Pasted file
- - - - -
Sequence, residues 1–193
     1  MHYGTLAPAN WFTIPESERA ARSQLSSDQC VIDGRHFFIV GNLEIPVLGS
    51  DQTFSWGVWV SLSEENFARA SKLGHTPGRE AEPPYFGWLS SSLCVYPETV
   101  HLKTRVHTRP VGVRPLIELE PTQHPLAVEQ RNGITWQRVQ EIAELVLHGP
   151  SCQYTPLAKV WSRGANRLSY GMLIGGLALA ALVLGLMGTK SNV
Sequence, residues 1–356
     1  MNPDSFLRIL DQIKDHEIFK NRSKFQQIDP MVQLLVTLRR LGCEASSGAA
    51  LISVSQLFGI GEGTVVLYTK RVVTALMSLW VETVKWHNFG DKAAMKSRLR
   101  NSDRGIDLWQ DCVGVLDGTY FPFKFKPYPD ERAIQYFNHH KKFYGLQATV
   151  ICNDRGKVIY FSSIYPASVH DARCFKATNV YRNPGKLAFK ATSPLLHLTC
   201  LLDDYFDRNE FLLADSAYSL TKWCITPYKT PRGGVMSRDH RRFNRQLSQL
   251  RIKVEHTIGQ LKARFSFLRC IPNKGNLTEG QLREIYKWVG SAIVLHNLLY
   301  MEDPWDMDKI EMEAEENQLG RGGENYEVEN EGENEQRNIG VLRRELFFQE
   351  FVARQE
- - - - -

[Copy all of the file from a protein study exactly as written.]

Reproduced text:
Sequence, residues 1–193
     1  MHYGTLAPAN WFTIPESERA ARSQLSSDQC VIDGRHFFIV GNLEIPVLGS
    51  DQTFSWGVWV SLSEENFARA SKLGHTPGRE AEPPYFGWLS SSLCVYPETV
   101  HLKTRVHTRP VGVRPLIELE PTQHPLAVEQ RNGITWQRVQ EIAELVLHGP
   151  SCQYTPLAKV WSRGANRLSY GMLIGGLALA ALVLGLMGTK SNV
Sequence, residues 1–356
     1  MNPDSFLRIL DQIKDHEIFK NRSKFQQIDP MVQLLVTLRR LGCEASSGAA
    51  LISVSQLFGI GEGTVVLYTK RVVTALMSLW VETVKWHNFG DKAAMKSRLR
   101  NSDRGIDLWQ DCVGVLDGTY FPFKFKPYPD ERAIQYFNHH KKFYGLQATV
   151  ICNDRGKVIY FSSIYPASVH DARCFKATNV YRNPGKLAFK ATSPLLHLTC
   201  LLDDYFDRNE FLLADSAYSL TKWCITPYKT PRGGVMSRDH RRFNRQLSQL
   251  RIKVEHTIGQ LKARFSFLRC IPNKGNLTEG QLREIYKWVG SAIVLHNLLY
   301  MEDPWDMDKI EMEAEENQLG RGGENYEVEN EGENEQRNIG VLRRELFFQE
   351  FVARQE